We asked parents-to-be to send us their most pressing questions about coronavirus (COVID-19). Among them: Is it still safe to deliver in a hospital? What if my ob-gyn has the virus? We sent those questions to the top docs at the Society for Maternal-Fetal Medicine. Here are their answers.
The coronavirus (COVID-19) pandemic has been declared a national emergency in the United States by the president. Moms-to-be like you are concerned about everything from getting medicines to managing disruptions at work. But above and beyond any worry about lifestyle changes is a focus on your health and the impact of COVID-19 on your pregnancy.
We asked obstetrics doctors who handle the most complicated pregnancy issues to answer your questions about the coronavirus. Here are their responses, provided by Dr. Sarah Dotters-Katz and her colleagues at the Society for Maternal-Fetal Medicine.
Am I at more risk for COVID-19 if I'm pregnant?
So far, it doesn't look like it.
Pregnancy does change your immune system in ways that might make you more susceptible to viral respiratory infections like COVID-19. And if you become infected, you might also be at higher risk for more severe illness compared to the general population. This is what we've seen in pregnant women with other coronavirus infections (SARS-CoV and MERS-CoV) and other viral respiratory infections, such as flu. But based on limited data so far, this does not appear to be the case with COVID-19.
Of course, it's important to take preventive actions to avoid infection, such as washing your hands often and avoiding people who are sick.
How might coronavirus affect my pregnancy?
On the other hand, we know that having other respiratory viral infections during pregnancy, such as flu, has been associated with problems like low birth weight and preterm birth. Also, having a high fever early in pregnancy may increase the risk of certain birth defects.
Could I transmit coronavirus to my baby during pregnancy or delivery?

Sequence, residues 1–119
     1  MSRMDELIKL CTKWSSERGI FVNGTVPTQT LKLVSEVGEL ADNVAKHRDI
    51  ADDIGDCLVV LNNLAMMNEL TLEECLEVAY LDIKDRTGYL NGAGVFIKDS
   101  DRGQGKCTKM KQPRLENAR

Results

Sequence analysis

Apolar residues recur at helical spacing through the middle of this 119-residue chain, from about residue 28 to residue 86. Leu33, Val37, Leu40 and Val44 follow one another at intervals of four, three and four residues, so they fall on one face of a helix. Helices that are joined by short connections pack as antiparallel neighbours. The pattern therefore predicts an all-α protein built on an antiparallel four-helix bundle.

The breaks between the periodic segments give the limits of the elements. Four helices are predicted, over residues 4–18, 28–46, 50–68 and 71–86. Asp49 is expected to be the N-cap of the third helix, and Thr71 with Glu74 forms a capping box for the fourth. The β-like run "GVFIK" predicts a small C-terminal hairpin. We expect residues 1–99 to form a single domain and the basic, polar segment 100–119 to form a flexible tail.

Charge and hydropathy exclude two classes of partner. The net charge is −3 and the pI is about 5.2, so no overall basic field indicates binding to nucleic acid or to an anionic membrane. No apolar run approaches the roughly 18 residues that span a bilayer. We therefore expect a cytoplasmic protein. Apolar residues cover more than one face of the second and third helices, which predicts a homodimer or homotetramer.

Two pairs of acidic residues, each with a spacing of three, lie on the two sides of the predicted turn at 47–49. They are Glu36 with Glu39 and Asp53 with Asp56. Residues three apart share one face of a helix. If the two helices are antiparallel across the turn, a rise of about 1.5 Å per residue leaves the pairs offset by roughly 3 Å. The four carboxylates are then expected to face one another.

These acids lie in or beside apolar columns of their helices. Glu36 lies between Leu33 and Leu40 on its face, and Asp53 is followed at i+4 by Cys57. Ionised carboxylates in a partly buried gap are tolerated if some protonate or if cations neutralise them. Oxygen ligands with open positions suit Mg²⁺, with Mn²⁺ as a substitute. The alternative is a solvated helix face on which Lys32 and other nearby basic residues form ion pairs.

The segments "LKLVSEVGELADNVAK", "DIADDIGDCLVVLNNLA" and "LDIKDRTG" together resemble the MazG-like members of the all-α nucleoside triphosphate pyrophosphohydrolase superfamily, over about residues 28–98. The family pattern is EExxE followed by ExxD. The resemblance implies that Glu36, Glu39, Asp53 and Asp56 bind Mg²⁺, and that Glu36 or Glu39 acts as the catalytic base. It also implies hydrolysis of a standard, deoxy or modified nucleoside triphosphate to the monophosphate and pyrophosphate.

Among the few case studies of infants born to mothers with COVID-19 published in peer-reviewed literature, none of the infants tested positive for the virus. And there have been no reports of mother-to-baby transmission for other coronaviruses (MERS-CoV and SARS-CoV). Also, there was no virus detected in samples of amniotic fluid or breast milk.
But there have been a few reports of newborns as young as a few days old with infection, suggesting that a mother can transmit the infection to her infant through close contact after delivery.
Is it safe for me to deliver at a hospital where there have been COVID-19 cases?
It should be. We know that COVID-19 is a very scary virus. The good news is that hospitals are taking great precautions to keep patients and healthcare providers safe.
According to the CDC guidelines, when a patient is even suspected to have COVID-19, they should be placed in a negative pressure room. (Think of these rooms as vacuums that suck and filter the air so it's safe for the other people in the hospital.) If there are no rooms available, these patients should be asked to wait at home until they can be accomodated safely. This should make it possible for you to deliver at the hospital without putting you or your baby at risk.
Hospitals are also implementing stricter visiting policies to keep patients safe. It's worth calling your hospital to check if there are any new regulations to be aware of.
What plans should I make now in case the hospital system is overwhelmed when it's time for me to deliver?
Every hospital is making different plans for dealing with this scenario. Talk with your doctor or midwife once you're at least 34 weeks pregnant.
I work in healthcare. Should I ask my doctor to excuse me from work until the baby is born? What if I work in a school, the travel industry, or some other high-risk setting?
Healthcare facilities should take care to limit the exposure of pregnant employees to patients with confirmed or suspected COVID-19, just as they would with other infectious cases. If you continue working, be sure to follow the CDC's risk assessment and infection control guidelines.